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– Are we attacking the symptoms of gun violence or true problems?

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We all suffered to some degree following the shootings in Parkland, Florida on Valentine’s Day, particularly the High school students there. Their pain is legitimate, their solution to the problem is not. Any time we have a disaster like this, the Left likes to point fingers at assault weapons, the FBI, the NRA, and their favorite target, Mr. Trump. In other words, everyone but the shooter himself. This knee-jerk reaction is obviously done for political purposes and addresses merely the symptoms, not the root problem.

Even if government banned the popular AR-15, there are many other rifles with similar capabilities, and if you were to ban them all, there are still semi-automatic shotguns which can do a lot of damage quickly, not to mention handguns. And if you were to ban all guns, there would be another weapon du jour, such as a road-side bomb, or simply a car ramming into a crowd.

Following the last Federal Assault Weapons Ban held from 1994-2004, the Department of Health and Human Services conducted a follow-up study and concluded, “the Task Force found insufficient evidence to determine the effectiveness of any of the firearms laws reviewed for preventing violence.” In other words, the ban did nothing to reduce violent behavior.

The NRA is frequently criticized and portrayed by Democrats as the bogeyman of violence. As advocates of the Second Amendment, their support of gun safety, education, and animal conservation is conveniently overlooked. True, the NRA supports various politicians, just like many other lobbyists. Hampering their ability to make such donations should only be done with sweeping reform of all lobbyists, not just the NRA. Their vilification is just plain wrong.

There are three areas that need to be addressed:

1. Discipline & Education

The shooter in Parkland came from a broken home, which probably explains why he had trouble differentiating right from wrong. It is no secret the family unit has been deteriorating over the years. It is common for children today to be raised by a single adult who is usually overworked and too tired to manage their offspring properly, and there are others who simply abdicate their parental responsibilities and allow their children to find their own way through life, with the assistance of the Hollywood media. Not surprising, morality is on the decline in this country and shaping the character of our youth. I find it rather remarkable we do not take Hollywood to task for the wanton violence they promote.

Not surprising, I’m a proponent of teaching parenting skills as part of an adult education program, perhaps at the schools in the evenings.

Since parents appear unwilling or unable to teach proper behavior, perhaps some basic classes for the students in morality and common courtesy are in order.

Discipline and respect are in decline in schools. For example, consider this letter sent from a middle school Science teacher in Dunedin, Florida to his PTA following the Parkland incident:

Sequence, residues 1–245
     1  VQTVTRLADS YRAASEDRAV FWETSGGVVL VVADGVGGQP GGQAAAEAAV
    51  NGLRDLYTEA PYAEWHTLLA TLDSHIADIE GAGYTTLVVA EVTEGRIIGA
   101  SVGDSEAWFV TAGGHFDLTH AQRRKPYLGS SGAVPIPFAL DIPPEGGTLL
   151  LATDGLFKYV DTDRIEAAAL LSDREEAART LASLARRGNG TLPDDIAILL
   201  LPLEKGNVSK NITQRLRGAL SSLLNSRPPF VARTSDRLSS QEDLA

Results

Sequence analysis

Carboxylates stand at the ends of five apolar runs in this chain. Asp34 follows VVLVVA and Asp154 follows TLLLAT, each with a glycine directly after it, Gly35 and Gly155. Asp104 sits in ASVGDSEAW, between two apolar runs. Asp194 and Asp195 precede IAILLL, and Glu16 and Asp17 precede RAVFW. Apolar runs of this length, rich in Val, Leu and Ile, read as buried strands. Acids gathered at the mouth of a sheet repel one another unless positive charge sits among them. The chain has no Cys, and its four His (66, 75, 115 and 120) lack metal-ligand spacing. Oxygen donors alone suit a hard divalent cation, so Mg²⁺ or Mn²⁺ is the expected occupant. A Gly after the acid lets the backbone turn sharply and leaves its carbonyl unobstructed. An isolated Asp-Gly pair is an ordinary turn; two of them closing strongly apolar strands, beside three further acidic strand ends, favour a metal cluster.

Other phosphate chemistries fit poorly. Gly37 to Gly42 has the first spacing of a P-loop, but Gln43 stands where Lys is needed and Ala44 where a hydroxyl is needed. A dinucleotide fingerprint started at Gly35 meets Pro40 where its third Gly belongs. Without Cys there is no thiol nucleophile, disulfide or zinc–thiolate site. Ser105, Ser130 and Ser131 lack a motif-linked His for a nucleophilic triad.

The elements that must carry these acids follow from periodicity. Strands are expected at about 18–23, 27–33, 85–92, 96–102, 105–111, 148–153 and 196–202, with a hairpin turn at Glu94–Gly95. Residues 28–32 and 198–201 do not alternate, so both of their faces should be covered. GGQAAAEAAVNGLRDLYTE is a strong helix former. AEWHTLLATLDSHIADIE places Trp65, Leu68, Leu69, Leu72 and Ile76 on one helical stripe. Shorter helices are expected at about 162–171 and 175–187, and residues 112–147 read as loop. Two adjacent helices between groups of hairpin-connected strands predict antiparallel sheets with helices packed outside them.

“I am a science teacher here at DHMS and I wanted to share this information with you. This is the real problem; the system is broken to where we cannot do anything or exact any meaningful consequences for this type of student. This article I found today from the Miami Herald describes at least a dozen students here at our school. We write referrals, they might even get suspended for a day or two, but these ‘nightmare’ children return and terrorize our campus as soon as the consequence is served. Students that get reassigned to Pinellas Secondary School end up coming right back after a semester. The description of the student in the first paragraph (aside from bringing bullets) describes many students that never receive a consequence, or are categorized as ‘Special Education’, ‘Emotionally/Behaviorally Disabled’, and know that the school cannot do anything about their atrocious behavior. Before we attack people’s 2nd Amendment Rights, we need to attack our legislators and School Board for forcing administrators to keep these dangerous students in our schools despite their repeated warning signs of violent tendencies. Until we can enact change to report and remove these students, these tragedies will continue. I have been physically assaulted by a student this very school year, pressed charges, and the student continues to walk the hallways and brag about who all he has ‘beat up’. We spot these students early on, and dread their presence, but have absolutely no legal way to protect the rights of the rest of the population from these predators.”

As corporal punishment is no longer allowed in schools as a deterrent for misbehavior, disciplining children is next to impossible, and without it, student grades are affected. To illustrate, ten years ago I wrote about Caroline Haynes, a school principal in Great Britain who caught the attention of the press when she started to implement strict discipline in the classroom. She is with the Tendring Technology College in Clacton-on-Sea, Essex, UK, a secondary school which, when translated to the American equivalent, is a private school for children ages 11-19. Her “zero tolerance” policy for misbehavior resulted in a school environment where students were freed to concentrate on their studies and, consequently, improved their grades significantly. I was told the students actually liked the discipline and preferred it over chaos. This is consistent with my contention that people tend to thrive in a structured environment which is well organized and leadership is strong, whether it is in school or in business.